In December 2007, before I left Delhi , Mr. Surender Mandal, my cycle rickshaw walla, used to wait at my residential colony gate, Vardhaman Society, (in Mayur Vihar-1 Extension) to take me to my office in Noida Film city. Long after I quit the job and left there, my office colleagues at World Association for Small and Medium Enterprises (WASME) used to tell me that Mr. Mandal waited in front of the gate on his cycle rickshaw, day in day out, not knowing I had gone.
On my return to Delhi recently, I made it a point to go to Mayur Vihar, where I met Mr. Mandal. Sadly, with the Metro Railway and the police – MCD combine becoming stricter, his business is not as brisk as usual. What is worse, the field right across the National Highway and the road connecting Delhi and Noida where he stays, is soon to be taken up for Commonwealth Games programs and related beautification. For those like Mandal, their only source of livelihood is under threat and might even be done away with completely as hurdles to the traffic modernisation process.
For a long time now, the Delhi government has been working with a slogan called “Clean and Green Delhi”. Unfortunately, many of its actions for attaining that objective has nothing to do with Green Delhi. Not much success could be attained, just for instance, in its Muncipal Waste Management programme.
It would also seem that in the name of the Commonwealth games extravaganza, a lot of money is being wasted and misused. For instance buildings in Connaught Place are being chipped and re-plastered for getting a brand new look. What purpose does that serve? Is that some thing really needed? Not only is it a waste of resources and money, it is also putting a question mark on the genuineness of Delhi government's Green Delhi campaign.
Green Delhi is not just planting some trees here and there and converting few vehicles into C N G. If money being spent for re-plastering of CP buildings used for making some improvements in eco- friendly cycle rickshaws, for a better design, for a welfare scheme for rickshaw wallahas or by introducing solar powered cycle rickshaws and separate lanes for them would have made much more sense.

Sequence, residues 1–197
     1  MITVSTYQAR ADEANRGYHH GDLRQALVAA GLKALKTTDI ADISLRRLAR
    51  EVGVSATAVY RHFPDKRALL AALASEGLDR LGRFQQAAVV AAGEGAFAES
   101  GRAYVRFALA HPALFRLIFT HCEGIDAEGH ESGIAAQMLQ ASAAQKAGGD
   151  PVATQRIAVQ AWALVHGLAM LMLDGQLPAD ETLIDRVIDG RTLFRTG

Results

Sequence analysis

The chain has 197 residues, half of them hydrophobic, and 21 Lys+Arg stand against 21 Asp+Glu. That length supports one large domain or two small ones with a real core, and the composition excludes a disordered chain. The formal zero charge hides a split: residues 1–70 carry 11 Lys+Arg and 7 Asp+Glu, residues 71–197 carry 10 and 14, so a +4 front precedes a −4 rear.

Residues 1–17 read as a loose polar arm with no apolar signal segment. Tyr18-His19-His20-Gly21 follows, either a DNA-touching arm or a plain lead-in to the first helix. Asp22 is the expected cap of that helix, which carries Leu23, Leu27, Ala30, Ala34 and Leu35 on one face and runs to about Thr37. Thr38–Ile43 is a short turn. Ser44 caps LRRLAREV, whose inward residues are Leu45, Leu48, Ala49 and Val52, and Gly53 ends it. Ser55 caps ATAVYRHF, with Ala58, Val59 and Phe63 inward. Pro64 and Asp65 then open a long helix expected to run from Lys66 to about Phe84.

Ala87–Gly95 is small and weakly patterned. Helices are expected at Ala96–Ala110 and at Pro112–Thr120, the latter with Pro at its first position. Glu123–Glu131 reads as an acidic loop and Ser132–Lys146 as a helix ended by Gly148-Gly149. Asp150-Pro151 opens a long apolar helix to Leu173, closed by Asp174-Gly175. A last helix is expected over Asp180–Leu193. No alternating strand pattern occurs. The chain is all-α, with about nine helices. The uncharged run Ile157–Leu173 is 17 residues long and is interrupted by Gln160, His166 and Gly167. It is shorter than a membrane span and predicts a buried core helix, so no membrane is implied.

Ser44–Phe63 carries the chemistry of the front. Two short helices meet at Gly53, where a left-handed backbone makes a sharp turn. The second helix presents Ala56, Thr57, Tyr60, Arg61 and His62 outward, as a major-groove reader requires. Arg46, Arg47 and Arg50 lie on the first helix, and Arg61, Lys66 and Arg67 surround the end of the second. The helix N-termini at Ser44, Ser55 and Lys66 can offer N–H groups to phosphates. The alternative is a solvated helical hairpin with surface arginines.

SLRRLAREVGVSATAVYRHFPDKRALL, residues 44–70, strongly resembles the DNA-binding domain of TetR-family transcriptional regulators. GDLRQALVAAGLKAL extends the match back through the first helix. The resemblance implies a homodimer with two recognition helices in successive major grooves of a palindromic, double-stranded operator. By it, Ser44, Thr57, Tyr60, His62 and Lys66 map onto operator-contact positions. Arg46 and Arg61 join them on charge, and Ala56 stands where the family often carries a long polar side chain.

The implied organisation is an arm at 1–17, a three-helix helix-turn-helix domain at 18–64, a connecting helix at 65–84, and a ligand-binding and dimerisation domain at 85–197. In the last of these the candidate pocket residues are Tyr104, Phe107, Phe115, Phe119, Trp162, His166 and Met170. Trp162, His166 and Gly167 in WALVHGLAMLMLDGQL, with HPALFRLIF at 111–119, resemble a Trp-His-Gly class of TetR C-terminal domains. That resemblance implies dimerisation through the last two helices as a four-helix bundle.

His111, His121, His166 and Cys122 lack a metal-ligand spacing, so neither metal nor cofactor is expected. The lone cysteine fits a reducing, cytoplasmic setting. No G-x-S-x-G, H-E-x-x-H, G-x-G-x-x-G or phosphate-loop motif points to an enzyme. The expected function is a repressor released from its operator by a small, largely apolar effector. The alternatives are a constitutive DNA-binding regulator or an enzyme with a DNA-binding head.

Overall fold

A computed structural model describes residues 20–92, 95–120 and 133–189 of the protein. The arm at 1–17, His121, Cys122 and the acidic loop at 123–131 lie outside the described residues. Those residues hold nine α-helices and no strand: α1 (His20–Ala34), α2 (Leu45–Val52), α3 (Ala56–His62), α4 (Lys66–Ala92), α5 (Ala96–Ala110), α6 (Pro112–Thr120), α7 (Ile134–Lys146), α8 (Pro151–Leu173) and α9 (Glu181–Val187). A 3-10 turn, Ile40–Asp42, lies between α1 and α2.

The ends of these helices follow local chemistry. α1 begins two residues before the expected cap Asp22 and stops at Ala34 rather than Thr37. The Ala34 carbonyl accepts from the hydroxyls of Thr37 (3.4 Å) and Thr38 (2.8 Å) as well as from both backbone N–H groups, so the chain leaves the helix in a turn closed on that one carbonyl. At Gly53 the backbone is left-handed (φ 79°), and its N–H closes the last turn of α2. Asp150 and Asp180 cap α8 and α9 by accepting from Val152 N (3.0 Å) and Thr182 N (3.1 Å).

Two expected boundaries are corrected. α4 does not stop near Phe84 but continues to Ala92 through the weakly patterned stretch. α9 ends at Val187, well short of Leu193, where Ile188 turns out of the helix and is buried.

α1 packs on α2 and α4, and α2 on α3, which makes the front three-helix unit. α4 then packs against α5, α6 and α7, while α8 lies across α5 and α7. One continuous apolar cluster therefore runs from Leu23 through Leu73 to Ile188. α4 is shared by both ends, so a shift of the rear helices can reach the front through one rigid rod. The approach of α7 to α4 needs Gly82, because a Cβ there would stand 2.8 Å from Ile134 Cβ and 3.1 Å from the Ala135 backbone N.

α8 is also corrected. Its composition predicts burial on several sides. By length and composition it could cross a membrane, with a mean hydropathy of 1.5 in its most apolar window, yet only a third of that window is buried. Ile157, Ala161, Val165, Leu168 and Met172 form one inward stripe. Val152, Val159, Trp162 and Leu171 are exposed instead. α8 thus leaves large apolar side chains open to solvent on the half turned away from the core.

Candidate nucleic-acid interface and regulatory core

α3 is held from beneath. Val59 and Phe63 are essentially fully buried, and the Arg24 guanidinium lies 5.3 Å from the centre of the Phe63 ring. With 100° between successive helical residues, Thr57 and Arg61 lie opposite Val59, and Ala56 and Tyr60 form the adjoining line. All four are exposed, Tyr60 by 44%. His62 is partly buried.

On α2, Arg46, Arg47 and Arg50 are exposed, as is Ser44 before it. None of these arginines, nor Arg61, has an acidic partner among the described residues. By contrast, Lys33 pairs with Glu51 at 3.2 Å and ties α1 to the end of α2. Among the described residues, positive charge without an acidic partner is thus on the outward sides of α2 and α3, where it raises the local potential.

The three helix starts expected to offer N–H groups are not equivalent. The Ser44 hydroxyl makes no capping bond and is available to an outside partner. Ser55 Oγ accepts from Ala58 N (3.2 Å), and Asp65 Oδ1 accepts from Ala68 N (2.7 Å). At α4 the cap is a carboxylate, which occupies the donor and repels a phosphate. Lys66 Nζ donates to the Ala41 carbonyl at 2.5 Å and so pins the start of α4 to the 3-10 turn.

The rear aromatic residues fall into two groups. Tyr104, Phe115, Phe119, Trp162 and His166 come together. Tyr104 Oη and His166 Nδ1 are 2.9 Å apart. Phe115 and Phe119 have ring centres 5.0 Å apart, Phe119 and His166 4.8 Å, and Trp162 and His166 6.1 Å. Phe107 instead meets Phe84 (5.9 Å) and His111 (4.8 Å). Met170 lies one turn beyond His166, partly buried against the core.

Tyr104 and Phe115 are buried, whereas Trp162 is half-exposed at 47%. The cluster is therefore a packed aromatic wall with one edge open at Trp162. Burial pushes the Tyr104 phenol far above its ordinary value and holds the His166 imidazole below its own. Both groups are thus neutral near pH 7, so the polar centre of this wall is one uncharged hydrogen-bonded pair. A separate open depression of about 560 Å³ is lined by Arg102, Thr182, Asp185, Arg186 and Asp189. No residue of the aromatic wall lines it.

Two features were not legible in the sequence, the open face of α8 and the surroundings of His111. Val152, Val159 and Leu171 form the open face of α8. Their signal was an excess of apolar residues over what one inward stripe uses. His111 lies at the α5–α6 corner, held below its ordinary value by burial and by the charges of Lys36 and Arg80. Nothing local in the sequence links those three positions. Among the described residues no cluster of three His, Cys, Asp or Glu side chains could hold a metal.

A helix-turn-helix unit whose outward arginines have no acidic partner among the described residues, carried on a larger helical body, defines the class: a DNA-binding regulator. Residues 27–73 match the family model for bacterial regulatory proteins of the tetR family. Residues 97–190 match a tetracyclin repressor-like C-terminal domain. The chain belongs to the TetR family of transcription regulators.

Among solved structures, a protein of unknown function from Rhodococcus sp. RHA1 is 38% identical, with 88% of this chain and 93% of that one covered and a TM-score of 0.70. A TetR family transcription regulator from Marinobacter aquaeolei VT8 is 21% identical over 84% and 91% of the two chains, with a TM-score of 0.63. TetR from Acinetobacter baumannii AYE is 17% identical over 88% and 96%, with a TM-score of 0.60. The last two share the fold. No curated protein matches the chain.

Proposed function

That would have been a much more meaningful environmental policy, leading towards a greener Delhi. But on the contrary, there are already strict restrictions on their movements. One could see instruction-boards even on sub-highways of NCR (National Capital Territory) just for instance even in Noida, which is part of State UP ruled by BSP, that cycle rickshaws are not permitted.
I used to travel on a cycle rickshaw to Noida from Mayur Vihar through National Highway till 2007. There were no separate lanes, still cycle riskshaws were permitted then. Nevertheless, it may not be a good idea to permit cycle rickshaws on national highways but certainly they should have lanes, permitted space, on sub-highways.
But as more Nanos appear on the streets, planners may have to ensure that there are no cycle rickshaws, rickshaws etc on the roads. They may justify a ‘ban rickshaw policy’, by saying that Nano’s consume less fuel than others and hence greener, to clear the way for Nanos.
But these cycle rickshaw wallahs, millions of them, will slowly go back to their villages in Bihar or West Bengal, as torture of police and MCD authorities goes up. And then more Nano’s and private vehicles start occupying entire road space. Apart from that, for sure, sooner, Indian roads would only be meant for private cars, no auto rickshaws, cycle rickshaws, two wheelers, cycles permitted.
And furthermore, there won’t be any space for pedestrians.